Wednesday, February 13, 2008

An Office Story--Part 2

A week later, he did go to the police. He spoke to two detectives in a white, windowless room and was struck by how much the detectives reminded him of the detectives on a TV show—not any specific TV show but every TV show about police detectives he had ever seen.

One of the detectives was young and handsome and the other was older and handsome. The young one was blond and the old one had white hair. The young one’s face was smooth and the old one’s face had deep lines.

The detectives offered him coffee in a paper cup. They sat across from him at a table and drank their own coffee from white ceramic mugs.

“Does your wife do this sort of thing often?” the younger detective asked.

“I don’t know what this sort of thing is,” he said. “I don’t know what she’s doing. That’s why I’m here.”

“Does she disappear often?” the older detective asked. “That’s what we mean by ‘this sort of thing’. That’s what we’re asking you.”

“Not often,” he said. “No.”

The older detective leaned forward. The man could see the butt of detective’s gun in the shoulder holster under his arm. The butt of the gun seemed very dark and heavy and the leather of the holster reminded him of a horse’s harness. The gun looked like it was straining to get out.

“But she has before,” the older detective said. “That’s the thing, right?”

“A few times. Not often, though. I wouldn’t say often.”

“I would consider my wife disappearing a few times a few times too often for me.”

The young detective smiled with half of his mouth and wrote something down in a small notebook.

“And she’s been gone for about a week,” the younger detective said. “Is that right?”


“Has she ever disappeared for a week before.”

“No. Not really.”

“No or not really?” the older detective said.


They asked him a series of other questions, and the more they asked the more he felt as if he had done something wrong. His answers sounded evasive and unsatisfying to even his own ears, and when he felt an itch on his nose and scratched it, he wondered if that too was the sort of gesture a guilty man would make.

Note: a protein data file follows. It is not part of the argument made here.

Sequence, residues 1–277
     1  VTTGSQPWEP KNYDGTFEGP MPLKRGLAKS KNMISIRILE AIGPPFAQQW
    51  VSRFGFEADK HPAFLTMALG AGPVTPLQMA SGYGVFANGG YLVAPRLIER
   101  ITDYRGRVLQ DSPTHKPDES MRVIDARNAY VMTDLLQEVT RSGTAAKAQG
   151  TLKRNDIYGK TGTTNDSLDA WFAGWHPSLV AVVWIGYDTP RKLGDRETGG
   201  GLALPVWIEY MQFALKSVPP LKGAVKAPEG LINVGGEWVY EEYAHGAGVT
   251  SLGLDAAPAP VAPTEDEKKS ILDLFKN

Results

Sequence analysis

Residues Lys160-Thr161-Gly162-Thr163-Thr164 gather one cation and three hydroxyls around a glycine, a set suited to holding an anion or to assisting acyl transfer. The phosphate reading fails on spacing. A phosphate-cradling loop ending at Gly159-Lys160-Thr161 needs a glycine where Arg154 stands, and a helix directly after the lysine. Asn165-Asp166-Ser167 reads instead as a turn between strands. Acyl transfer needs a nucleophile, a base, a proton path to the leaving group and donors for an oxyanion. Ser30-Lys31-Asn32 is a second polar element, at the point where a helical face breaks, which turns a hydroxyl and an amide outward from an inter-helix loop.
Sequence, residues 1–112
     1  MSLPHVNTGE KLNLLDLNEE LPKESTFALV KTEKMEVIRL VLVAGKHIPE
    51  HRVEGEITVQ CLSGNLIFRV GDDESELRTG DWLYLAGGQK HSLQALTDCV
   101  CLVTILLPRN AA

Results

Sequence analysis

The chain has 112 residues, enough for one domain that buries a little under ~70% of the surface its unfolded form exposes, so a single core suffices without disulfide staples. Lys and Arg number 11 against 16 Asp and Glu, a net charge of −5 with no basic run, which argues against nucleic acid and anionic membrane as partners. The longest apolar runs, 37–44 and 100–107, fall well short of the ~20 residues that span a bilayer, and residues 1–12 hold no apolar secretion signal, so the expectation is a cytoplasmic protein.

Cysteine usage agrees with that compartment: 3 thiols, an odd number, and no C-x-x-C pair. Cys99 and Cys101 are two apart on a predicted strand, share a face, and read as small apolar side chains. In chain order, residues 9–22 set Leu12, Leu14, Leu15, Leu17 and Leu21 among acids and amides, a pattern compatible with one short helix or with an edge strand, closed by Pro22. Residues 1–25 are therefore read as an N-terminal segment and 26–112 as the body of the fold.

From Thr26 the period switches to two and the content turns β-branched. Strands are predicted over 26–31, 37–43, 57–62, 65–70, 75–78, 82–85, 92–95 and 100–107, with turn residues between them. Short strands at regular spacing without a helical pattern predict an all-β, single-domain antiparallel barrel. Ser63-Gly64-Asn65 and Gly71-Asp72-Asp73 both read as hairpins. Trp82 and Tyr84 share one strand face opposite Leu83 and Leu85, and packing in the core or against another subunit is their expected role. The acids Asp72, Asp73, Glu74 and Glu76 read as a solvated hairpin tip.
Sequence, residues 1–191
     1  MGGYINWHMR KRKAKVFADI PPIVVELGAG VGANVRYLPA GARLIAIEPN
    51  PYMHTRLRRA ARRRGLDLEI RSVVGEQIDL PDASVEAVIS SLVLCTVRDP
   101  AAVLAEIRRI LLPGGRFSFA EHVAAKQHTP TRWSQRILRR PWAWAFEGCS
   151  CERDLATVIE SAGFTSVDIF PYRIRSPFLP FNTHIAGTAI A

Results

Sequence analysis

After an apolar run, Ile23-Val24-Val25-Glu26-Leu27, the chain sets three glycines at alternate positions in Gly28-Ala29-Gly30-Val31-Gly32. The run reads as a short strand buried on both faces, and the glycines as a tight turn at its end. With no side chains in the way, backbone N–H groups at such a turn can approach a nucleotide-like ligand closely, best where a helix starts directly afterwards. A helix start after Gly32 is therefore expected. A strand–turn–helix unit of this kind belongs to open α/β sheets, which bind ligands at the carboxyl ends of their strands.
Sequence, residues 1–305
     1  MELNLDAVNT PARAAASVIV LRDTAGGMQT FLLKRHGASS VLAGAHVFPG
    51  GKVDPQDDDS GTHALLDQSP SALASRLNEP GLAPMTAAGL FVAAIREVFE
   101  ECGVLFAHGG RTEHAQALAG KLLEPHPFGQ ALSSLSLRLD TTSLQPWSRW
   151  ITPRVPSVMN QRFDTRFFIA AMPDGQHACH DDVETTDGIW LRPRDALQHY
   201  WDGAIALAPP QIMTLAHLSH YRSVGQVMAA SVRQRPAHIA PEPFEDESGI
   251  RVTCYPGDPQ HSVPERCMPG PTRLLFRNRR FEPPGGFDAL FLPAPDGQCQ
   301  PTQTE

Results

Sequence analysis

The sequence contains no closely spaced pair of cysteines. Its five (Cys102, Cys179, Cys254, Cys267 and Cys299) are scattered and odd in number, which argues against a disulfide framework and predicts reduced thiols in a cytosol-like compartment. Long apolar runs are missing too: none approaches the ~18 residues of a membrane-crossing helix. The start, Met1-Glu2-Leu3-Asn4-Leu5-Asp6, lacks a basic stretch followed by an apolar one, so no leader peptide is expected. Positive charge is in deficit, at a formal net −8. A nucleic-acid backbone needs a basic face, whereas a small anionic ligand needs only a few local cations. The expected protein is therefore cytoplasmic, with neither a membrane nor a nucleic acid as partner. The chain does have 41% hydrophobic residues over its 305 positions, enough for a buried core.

When they were done they asked him if there was anything else he would like them to know about her, but he could not think of anything—not anything important. So he said: “She called me old shoe.”

The two detectives looked at him.

“I called her honey and she called me old shoe.”

The younger detective looked down at his notebook but didn’t write anything down.

“OK,” the older detective said. “Duly noted.”

He went home. He looked at some of her things that she kept on the bedroom windowsill. These were the things she loved: a tiny porcelain squirrel; a souvenir crystal boomerang from a vacation to Australia five years ago; a masonry jar painted to look like a snowman. It was then that he noticed the piece of paper sticking out of the masonry jar. He pulled it out, unfolded it, read the carefully written letters several times over.

The note said: “Your wife is safe. She is comfortably ensconced in chic surroundings, so there is no reason to worry or follow. Sincerely, The Phantom Coalition.”

It did not look anything like his wife’s handwriting.


Blogger Diane Vogel Ferri said...

Where's part three, dude?

10:19 AM  

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